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Six principles for effective risk management

This post outlines six main principles of effective risk management and goes further to define risk management and its role in achieving objectives.

effective risk managementIn World-Class Risk Management, I review the eleven principles in the ISO 31000:2009 global risk management standard and condense them to just six. (Later in the book, I discuss a possible risk management maturity model as well as what it takes to go beyond simply effective to deliver world-class value.)

  1. Risk management enables management to make intelligent decisions when setting strategy, planning, making decisions, and in the daily management of the organization. It provides reasonable assurance that performance will be optimized, objectives achieved, and desired levels of value delivered to stakeholders.
  2. Risk management provides decision-makers with reliable, current, timely, and actionable information about the uncertainty that might affect the achievement of objectives.
  3. Risk management is dynamic, iterative and responsive to change.
  4. Risk management is systematic and structured.
  5. Risk management is tailored to the needs of the organization and updated/upgraded as needed. This takes into account the culture of the organization, including how decisions are made, and the need to monitor the program itself and continually improve it.
  6. Risk management takes human factors (that may present the possibility of failures to properly identify, analyze, evaluate or treat risks) into consideration and provides reasonable assurance they are overcome.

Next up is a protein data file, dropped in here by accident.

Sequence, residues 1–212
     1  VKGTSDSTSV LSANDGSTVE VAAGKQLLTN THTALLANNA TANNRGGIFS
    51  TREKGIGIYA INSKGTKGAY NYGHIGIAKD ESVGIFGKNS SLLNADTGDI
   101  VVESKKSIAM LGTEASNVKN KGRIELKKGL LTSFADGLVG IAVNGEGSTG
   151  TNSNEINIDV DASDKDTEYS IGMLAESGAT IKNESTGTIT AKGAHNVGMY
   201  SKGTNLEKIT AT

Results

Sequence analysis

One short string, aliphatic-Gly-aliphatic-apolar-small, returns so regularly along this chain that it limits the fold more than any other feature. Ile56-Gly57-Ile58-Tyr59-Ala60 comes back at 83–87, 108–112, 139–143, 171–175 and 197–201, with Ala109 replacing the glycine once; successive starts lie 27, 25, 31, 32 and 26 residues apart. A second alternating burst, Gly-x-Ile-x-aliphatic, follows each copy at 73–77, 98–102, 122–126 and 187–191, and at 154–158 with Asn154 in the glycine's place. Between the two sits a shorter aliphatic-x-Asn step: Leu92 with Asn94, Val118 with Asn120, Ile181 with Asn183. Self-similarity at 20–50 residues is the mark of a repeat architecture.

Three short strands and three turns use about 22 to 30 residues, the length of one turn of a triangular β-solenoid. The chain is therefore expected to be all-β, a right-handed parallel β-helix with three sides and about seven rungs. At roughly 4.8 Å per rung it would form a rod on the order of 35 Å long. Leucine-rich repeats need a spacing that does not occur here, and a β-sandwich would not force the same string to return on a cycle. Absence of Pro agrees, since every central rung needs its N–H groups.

I believe it is useful to assess your risk management activity against these principles.

As my friend Alex Sidorenko says in a recent video (which I recommend), risk management is not about managing risks: it’s about enabling informed decisions.

Informed and intelligent decisions are how we achieve objectives. Those decisions need to consider what might happen (harms, opportunities, and combinations of the two) as we strive to succeed.

With that in mind, I suggest a different definition of risk management in the book:

The effective management of risk enables risk-aware decision-making, from decisions about the direction of the organization, to its core strategies, to the decisions made every day across the extended enterprise.

The processes and related policies, structures, and systems for identifying, analyzing, evaluating, and responding to risks are established by management with oversight by the board to ensure that the effects of uncertainty (both positive and negative) on the achievement of objectives are understood and managed to support the realization of the organization’s mission and commitment to stakeholders.

My understanding is that COSO will publish its update of the ERM Framework very soon. It will be interesting to see the principles they have come up with and how they compare with mine.

In the meantime, I welcome your thoughts on the above – and any other comments you may have on this best-selling book.

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Norman D. Marks, CPA, CRMA

Norman D. Marks is an Author, Evangelist and Mentor for Better Run Business, as well as an OCEG Fellow and Honorary Fellow of the Institute of Risk Management. Mr. Marks has been a practitioner and thought leader in internal audit, risk management, and governance for a long time. He has led large and small internal audit departments, been a Chief Risk Officer and Chief Compliance Officer, and managed IT Security and governance functions. Read more
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